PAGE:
5
$\begingroup$

I'm not sure if this is a silly question or overly semantic but I think the term "Crisis" is misunderstood (or at least misunderstood by myself). There are a number of ways the term is used, namely:

  • A Financial Crisis.
  • Sovereign Debt Crisis.
  • World Health Crisis.

These are all different scenarios but all have the word "crisis" attached to them.

Is there a unifying definition of what constitutes a economic crisis?

$\endgroup$
  • $\begingroup$ I hope a moderator comes along and closes this :) $\endgroup$ – Giskard May 4 at 17:27
  • 2
    $\begingroup$ @Giskard Oof. Is it that dumb of a question? $\endgroup$ – EconJohn May 4 at 17:30
  • 1
    $\begingroup$ No, not at all. I think it is opinion based/off-topic, as it seems to be about layman language, but perhaps others see it differently. $\endgroup$ – Giskard May 4 at 17:33
  • $\begingroup$ @Giskard If the site votes to close the question I'll take it. $\endgroup$ – EconJohn May 4 at 19:08
  • 6
    $\begingroup$ open.spotify.com/album/5Fliz4RQcDktb93l1uYDka $\endgroup$ – VARulle May 4 at 23:14
5
$\begingroup$

I don’t think crisis itself has set definition as opposed to recession, unless you attach some clarifier to it as the examples you mention. Generally the word is even in academic work thrown around quite loosely.

For example in Romer advanced macroeconomics in the subject index for word crisis you will find:

crisis; see debt crisis; economic crisis of 2008-; recessions

Hence the word crisis is at least in macroeconomics used very loosely. However, when it comes to for example debt crisis or financial crisis you get more precise definition.

For example consider these definitions of the terms you mentioned (excluding health crisis since for that I think we have to go outside economics and also you tagged it with macro so I will focus on that) by leading authors:

Financial Crisis: according to the Mishkin and Eakins popular textbook financial markets and institutions a financial crisis is defined as “a major disruption in financial markets, characterized by sharp declines in asset prices and failures of many financial and non financial firms”.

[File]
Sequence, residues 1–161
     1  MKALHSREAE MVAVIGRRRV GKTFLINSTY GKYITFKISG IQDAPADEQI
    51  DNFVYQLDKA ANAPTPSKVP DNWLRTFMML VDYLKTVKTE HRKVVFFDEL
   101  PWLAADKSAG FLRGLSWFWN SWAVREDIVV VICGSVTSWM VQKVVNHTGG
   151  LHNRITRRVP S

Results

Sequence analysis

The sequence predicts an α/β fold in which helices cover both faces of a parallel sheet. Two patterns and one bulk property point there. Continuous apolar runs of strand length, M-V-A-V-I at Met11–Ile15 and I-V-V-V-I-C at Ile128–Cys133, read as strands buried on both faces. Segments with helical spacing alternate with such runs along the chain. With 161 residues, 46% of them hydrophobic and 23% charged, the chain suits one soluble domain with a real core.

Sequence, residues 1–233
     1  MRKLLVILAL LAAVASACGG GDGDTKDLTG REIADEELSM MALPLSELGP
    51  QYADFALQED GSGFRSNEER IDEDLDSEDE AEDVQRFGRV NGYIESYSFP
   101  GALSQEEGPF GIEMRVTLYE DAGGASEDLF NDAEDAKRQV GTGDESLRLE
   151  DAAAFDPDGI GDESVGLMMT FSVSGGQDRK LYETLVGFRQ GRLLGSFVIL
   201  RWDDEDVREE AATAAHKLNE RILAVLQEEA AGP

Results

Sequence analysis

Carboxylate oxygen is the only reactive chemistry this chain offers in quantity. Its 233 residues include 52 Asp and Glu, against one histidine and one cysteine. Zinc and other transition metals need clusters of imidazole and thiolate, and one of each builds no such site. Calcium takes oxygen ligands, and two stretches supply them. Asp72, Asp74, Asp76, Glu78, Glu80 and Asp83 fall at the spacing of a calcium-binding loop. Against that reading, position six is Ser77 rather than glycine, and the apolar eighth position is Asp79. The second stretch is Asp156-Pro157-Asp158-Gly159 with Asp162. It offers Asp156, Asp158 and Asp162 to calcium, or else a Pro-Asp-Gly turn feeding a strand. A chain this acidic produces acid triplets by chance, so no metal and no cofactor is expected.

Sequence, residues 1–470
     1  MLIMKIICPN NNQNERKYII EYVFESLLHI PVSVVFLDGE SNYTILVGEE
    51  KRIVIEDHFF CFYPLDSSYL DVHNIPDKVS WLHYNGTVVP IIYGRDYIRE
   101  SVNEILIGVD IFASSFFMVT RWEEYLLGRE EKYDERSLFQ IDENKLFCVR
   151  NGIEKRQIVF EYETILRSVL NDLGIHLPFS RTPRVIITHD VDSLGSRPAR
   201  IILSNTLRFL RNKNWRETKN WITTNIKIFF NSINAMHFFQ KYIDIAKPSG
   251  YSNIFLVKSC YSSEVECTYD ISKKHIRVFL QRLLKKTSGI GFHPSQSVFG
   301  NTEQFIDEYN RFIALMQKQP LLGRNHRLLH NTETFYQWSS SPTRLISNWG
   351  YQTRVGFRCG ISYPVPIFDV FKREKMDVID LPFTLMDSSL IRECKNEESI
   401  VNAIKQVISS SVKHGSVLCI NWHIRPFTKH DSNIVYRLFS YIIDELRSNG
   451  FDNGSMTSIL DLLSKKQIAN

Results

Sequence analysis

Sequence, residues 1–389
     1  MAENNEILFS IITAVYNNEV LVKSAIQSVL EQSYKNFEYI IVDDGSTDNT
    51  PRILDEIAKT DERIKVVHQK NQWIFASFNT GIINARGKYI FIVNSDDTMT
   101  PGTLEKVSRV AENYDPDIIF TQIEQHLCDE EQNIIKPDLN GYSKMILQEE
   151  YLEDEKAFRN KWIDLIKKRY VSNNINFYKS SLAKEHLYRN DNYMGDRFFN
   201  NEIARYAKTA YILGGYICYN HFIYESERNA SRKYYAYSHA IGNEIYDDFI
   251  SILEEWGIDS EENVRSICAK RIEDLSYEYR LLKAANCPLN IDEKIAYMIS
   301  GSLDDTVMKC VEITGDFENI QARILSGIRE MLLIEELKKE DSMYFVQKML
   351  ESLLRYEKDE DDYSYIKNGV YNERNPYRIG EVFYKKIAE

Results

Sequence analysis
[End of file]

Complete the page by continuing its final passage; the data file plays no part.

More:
Debt Crisis: which is also used as a synonym for fiscal crisis in Romer advanced macroeconomics it is argued that debt/fiscal crisis is a situation that involves “a sharp contraction in fiscal policy, a large decline in aggregate demand, major repercussions in capital and foreign-exchange markets, and perhaps a default on foreign debt.”

To further add to the confusion many authors have their own slightly different definitions of debt crisis. For example Reinhart and Rogoff in their now infamous research on debt crises define two kinds of debt crises external debt crisis defined as debt crisis that “involve outright default on a government’s external debt obligations—that is, a default on a payment to creditors of a loan issued under another country’s jurisdiction, typically (but not always) denominated in a foreign currency, and typically” and internal debt crisis defined as default that do not involve powerful external creditors.

If we look at the meaning of crisis as recession we find that they are defined as a drop in economic output. For example according to Blanchard et al macroeconomics an European perspective a recession is “a period of negative GDP growth. Usually refers to at least two consecutive quarters of negative GDP growth.”

Hence I don’t think there is any precise definition of crisis in macroeconomics and I would say in economics in general. A crisis is just used as an umbrella term for times of economic distress or fall in economic activity. Sometimes even within the field some authors might have different definitions.

| improve this answer | |
$\endgroup$
2
$\begingroup$

I agree with @1muflon1 that there is no precise or unifying definition of what constitutes an economic crisis. However, do we need one?

First, we can adopt a definition of the term crisis, such as "a situation that has reached a critical phase" according to the Merriam-Webester online dictionary.

Next, we can attach an adjective to the crisis to characterize different types of situations that have reached a critical phase such as a financial crisis, a sovereign debt crisis, etc.

Finally, let me add to the confusion by giving another definition of the financial crisis from the Deardorffs' Glossary of International Economics:

  1. A loss of confidence in a country's currency or other financial assets causing international investors to withdraw their funds from the country.
  2. A loss of confidence in banks and other financial institutions leading to failures of those instituions and drying up of credit.
| improve this answer | |
$\endgroup$
0
$\begingroup$

I think you are taking a philosophical approach to the question. This is a time of crisis for people suffering in some sort of way. COVID created a crisis for some people and this crisis created opportunity for some people. This has been time that I have been able to use learning to program and monetize off of my projects. I think the crisis is relative to who and what are involved. I hope I am not breaking rules here, but it seems to fit the question. Just possibly moved to a different community or something.

| improve this answer | |
$\endgroup$
0
$\begingroup$

I also think it's very semantical, but basically goes down to the common understanding, that crisis can be any major adverse effect which has an impact on a larger group of people (eg. a nation).

Given we accept this, all those terms can be interpreted within their own context.

| improve this answer | |
$\endgroup$

Your Answer

By clicking “Post Your Answer”, you agree to our terms of service, privacy policy and cookie policy

Not the answer you're looking for? Browse other questions tagged or ask your own question.